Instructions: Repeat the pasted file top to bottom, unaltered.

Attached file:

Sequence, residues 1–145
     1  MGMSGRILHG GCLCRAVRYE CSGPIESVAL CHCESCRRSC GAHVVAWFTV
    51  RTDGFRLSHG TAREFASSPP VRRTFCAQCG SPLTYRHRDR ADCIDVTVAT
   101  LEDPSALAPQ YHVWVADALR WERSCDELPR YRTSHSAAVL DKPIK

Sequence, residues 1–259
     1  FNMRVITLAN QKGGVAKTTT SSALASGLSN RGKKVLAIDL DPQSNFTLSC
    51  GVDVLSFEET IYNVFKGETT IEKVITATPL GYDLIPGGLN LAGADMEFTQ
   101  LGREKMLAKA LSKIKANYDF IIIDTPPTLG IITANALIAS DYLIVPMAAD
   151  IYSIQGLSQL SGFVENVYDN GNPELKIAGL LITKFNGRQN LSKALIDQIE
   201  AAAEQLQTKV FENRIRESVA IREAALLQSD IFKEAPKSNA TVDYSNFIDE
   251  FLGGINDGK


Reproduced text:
Sequence, residues 1–145
     1  MGMSGRILHG GCLCRAVRYE CSGPIESVAL CHCESCRRSC GAHVVAWFTV
    51  RTDGFRLSHG TAREFASSPP VRRTFCAQCG SPLTYRHRDR ADCIDVTVAT
   101  LEDPSALAPQ YHVWVADALR WERSCDELPR YRTSHSAAVL DKPIK

Sequence, residues 1–259
     1  FNMRVITLAN QKGGVAKTTT SSALASGLSN RGKKVLAIDL DPQSNFTLSC
    51  GVDVLSFEET IYNVFKGETT IEKVITATPL GYDLIPGGLN LAGADMEFTQ
   101  LGREKMLAKA LSKIKANYDF IIIDTPPTLG IITANALIAS DYLIVPMAAD
   151  IYSIQGLSQL SGFVENVYDN GNPELKIAGL LITKFNGRQN LSKALIDQIE
   201  AAAEQLQTKV FENRIRESVA IREAALLQSD IFKEAPKSNA TVDYSNFIDE
   251  FLGGINDGK